The Detroit News’s Funny Money columnist Brian O’Connor had a couple of problems: he needed a fresh idea for his column, and the family budget was always too tight.
Putting those together, he came up with the $1000 Challenge, an award-winning series for the newspaper and now an entertaining, practical book.
For the challenge, O’Connor wasn’t just looking to save $1000 once. Too easy. He wanted to cut $1000 out of the monthly budget by focusing on ten different spending categories, from groceries to insurance to the all-consuming “miscellaneous.”
O’Connor spoke with MintLife columnist Matthew Amster-Burton, who can relate all too well.
MintLife: In the book, you identify some juicy monthly savings by getting rid of your storage unit. So, how’s life without storage?
O’Connor: Well, it’s kind of time for true confessions. I’ve actually been to the storage unit. The storage unit is—instead of saving money, it’s costing money, because I lost the key. So I definitely had to pay to have them saw the lock off.
There was a lot more stuff in there than I thought. And that kind of stymied my plans to jam it all in the back of my trusty 1995 Roadmaster and bring it all home.
So now I have to coordinate with a friend who’s got a pickup truck. My parents put my stuff in there when they retired, kind of without telling me.
I just got a contract and keys in the mail one day with a note from my dad saying, “I got tired of waiting for you to get your stuff, so I put it in a storage unit. Pay the rent or they’ll sell it.”
The lesson in all of it is, we’ve all got a whole heck of a lot of downsizing that we can afford to do. In fact, if I was going to do a non-personal finance book, it would be the Decrapifying Challenge.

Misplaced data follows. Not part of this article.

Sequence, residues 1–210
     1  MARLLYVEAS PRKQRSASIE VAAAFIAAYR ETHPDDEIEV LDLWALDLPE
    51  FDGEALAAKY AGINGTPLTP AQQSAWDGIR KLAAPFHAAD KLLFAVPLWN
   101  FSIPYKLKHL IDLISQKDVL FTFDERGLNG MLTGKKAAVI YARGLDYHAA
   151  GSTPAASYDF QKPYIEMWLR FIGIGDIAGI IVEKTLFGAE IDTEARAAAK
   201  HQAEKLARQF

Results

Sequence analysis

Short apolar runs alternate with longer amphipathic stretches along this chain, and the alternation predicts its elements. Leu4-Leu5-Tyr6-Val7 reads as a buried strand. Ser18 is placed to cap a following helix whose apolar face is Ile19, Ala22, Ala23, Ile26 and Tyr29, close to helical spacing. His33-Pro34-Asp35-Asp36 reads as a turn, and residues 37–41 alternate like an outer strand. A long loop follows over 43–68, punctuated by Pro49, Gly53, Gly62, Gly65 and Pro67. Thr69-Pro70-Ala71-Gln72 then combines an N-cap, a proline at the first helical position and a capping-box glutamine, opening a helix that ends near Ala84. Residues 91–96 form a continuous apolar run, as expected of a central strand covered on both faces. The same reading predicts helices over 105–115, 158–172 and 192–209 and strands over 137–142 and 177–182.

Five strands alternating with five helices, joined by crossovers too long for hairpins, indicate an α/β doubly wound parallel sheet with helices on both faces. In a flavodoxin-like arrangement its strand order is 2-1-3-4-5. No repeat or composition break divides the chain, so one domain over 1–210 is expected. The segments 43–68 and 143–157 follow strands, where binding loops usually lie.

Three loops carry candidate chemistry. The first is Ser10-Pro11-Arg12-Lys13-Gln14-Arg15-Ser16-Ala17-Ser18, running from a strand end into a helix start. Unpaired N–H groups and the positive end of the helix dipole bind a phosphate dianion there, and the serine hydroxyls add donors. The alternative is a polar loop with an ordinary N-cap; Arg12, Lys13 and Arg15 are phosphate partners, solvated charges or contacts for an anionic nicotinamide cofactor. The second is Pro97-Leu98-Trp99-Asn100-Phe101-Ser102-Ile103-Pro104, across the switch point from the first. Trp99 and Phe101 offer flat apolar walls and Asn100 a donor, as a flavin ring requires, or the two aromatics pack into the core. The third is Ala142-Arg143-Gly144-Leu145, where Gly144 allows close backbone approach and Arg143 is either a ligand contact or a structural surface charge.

MintLife: So what else did you learn from the $1000 challenge, and did the savings stick?
O’Connor: You’re paying money for this stuff that you clearly don’t need. I was keeping this old email address, because it’s going automatically on a credit card, so it’s no big deal.
It doesn’t feel like a lot of money, but then you say, wait a minute, that’s $25 a month. That’s $300 a year. And you could probably find a lot better use for $300.
I would tell people if they’re in a situation where they find something like that, take that money and have it sent to an online savings account. Just redirect it.
If you do a lot of different things that are lurking in your budget, you can come up with a couple hundred dollars a month.
MintLife: But how important are these small monthly bills versus saving on big-ticket items?
O’Connor: We’ve had the major appliance angel of death visit our house this year. We’ve got a 30-inch microwave that’s nothing but a night light right now.
The washing machine is the latest victim. And my wife and I were really shopping on this washing machine, and we’re looking at a model like $50 different.
And I’m like, “We’re going to get 14, 15 years out of a washing machine.” That’s like $3 a year.
And we’re shopping really hard on this. This $50 was a big deal. And I’m like, “No, it’s better for us to cut $10 a month out of our cell phone, and that’s $120 right there.”
If we did that for the 14 years our washing machine would last, you’re talking over $1500.
MintLife: What’s the difference between doing this sort of cost-cutting as part of the $1000 challenge and just approaching it ad hoc?
O’Connor: Having a goal is a lot better because it pushes you to get a little bit uncomfortable, to say, “Well, I’ll pack lunch three times a week even though I always wake up late in the morning and I run around like a chicken with my head cut off.”